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  • California Labor Code Section 432.7 has long provided that employers are forbidden from asking job applicants to disclose information concerning arrests or detentions that did not result in convictions. The statute also forbids employers from seeking information or utilizing information concerning arrest records that did not result in convictions with respect to hiring, promoting or terminating individuals. The statute, however, provides that the law does not prevent an employer from asking an employee or an applicant for employment about an arrest for which he or she is out on bail or his or her own recognizance pending trial. There are numerous exceptions to the statute’s general prohibitions, however, those exceptions sensibly relate to employment by police departments, health facilities, positions with access to drugs and medications and situations where an employer is required by law to obtain information regarding convictions.

    As of August 13, 2004, the City of San Francisco greatly expanded Section 432.7’s prohibitions. Under a San Francisco City Ordinance entitled the “Fair Chance Ordinance”, employers are forbidden from making any inquiry into criminal history information on job applications. In general, the ordinance prohibits employers from requesting job applicants to disclose information concerning convictions or unresolved arrests. The ordinance does allow inquiries concerning criminal history only after an initial interview of a conditional offer of employment. Moreover, the ordinance forbids employers from making any inquiry at any time or from taking any adverse action with respect to an arrest not leading to a conviction, participation or completion of a diversion program, or a conviction that was judicially dismissed or expunged, or juvenile convictions or convictions that are over seven years old from the date of sentencing or offenses other than felonies or misdemeanors.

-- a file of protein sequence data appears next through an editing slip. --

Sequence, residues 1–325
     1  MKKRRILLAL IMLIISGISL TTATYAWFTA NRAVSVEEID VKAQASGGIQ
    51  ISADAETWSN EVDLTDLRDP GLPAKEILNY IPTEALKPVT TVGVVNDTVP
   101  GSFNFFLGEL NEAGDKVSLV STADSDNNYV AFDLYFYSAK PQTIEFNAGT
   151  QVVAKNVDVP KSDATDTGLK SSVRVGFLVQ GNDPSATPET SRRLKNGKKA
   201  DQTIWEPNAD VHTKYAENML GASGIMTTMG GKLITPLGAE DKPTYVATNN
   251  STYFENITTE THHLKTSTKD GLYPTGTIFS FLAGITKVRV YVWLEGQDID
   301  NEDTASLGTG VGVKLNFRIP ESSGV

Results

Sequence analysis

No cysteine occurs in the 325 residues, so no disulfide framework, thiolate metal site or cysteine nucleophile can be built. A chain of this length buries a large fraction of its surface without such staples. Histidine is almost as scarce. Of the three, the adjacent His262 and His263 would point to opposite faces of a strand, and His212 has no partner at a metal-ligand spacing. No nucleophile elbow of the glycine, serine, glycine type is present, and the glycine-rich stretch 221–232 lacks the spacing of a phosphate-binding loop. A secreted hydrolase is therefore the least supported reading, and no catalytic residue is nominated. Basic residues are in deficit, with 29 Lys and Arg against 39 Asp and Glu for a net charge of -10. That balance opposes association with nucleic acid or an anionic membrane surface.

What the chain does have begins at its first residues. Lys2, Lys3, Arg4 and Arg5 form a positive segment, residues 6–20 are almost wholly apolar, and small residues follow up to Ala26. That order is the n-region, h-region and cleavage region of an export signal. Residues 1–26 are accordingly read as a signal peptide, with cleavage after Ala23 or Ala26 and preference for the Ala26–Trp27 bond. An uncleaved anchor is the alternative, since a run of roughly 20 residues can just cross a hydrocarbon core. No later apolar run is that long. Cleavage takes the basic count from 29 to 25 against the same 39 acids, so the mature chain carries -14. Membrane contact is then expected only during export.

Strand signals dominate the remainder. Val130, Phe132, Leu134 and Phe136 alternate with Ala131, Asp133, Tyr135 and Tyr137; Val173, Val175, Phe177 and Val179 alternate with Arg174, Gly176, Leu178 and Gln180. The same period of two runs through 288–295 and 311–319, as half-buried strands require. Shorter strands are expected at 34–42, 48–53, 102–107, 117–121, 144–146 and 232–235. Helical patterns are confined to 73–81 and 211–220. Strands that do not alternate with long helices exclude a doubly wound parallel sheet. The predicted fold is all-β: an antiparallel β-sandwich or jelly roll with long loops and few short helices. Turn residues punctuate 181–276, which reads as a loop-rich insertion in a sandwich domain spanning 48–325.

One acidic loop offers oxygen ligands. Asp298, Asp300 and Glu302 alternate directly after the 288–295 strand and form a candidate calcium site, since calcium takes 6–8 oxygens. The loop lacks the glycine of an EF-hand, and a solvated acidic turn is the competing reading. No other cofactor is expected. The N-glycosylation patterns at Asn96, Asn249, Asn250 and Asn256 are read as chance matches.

The ordinance places a burden on employers who refuse to hire or who take adverse actions against employees based on their criminal conviction history to conduct individualized assessment of whether the conviction has a direct negative bearing on the person’s ability to perform his or her job duties. The assessment takes into consideration the amount of time between the conviction and the job application. If the employer decides to take an adverse action based upon the employee’s conviction history, the employee or job applicant must be provided with a copy of the background check report that the employer is relying upon. The employee then has a seven day period within which to provide a response concerning evidence of inaccuracy, rehabilitation or other mitigating factors. If the employee provides such a response, the employer must wait at least five more days to reconsider the prospective adverse action in light of the new information supplied by the applicant or employee.

    While the ordinance contains notice and disclosure requirements, it also provides that all job solicitations or advertisements contain a written provision that the employer will consider qualified applicants with criminal histories in a manner that is consistent with the provisions of the ordinance itself. In addition, employers are required to post notices published by the San Francisco Office of Labor Standards Enforcement which informs applicants that employees have their rights under the Ordinance. The notice must be published in English, Spanish and Cantonese/Mandarin and any other languages spoken by more than 5% of the employer’s San Francisco based workforce.

    The breadth of the ordinance is quite extensive and covers companies wherever located which have at least one employee doing at least 8 hours of work each week in San Francisco regardless of whether the employee is a permanent, temporary or part time employee.

    If the employer is a contractor it has additional obligations under the statute. Contractors are required to send the Fair Chance Ordinance notice to labor unions with which it has either collective bargaining agreements or memorandums of understanding if those unions provide labor from or within San Francisco.

    In response to the ordinance, employers must review and revise their hiring policies and practices. Job applications and website postings must be revised to insure compliance with the ordinance. Further, all required notices published by the OLSE must be posted in break rooms and conspicuous places of employment. In addition, HR managers and those employees who conduct job interviews must be counseled with respect to criminal history inquires, individual assessments and the retention of documents.

    Download pdf here.

    For more information contact:
    Gerald A. Griffin, Esq.
    Gibbs Giden Locher Turner Senet & Wittbrodt LLP 
    1880 Century Park East 12th Floor
    Los Angeles, CA 90067
    email: jgriffin@gibbsgiden.com

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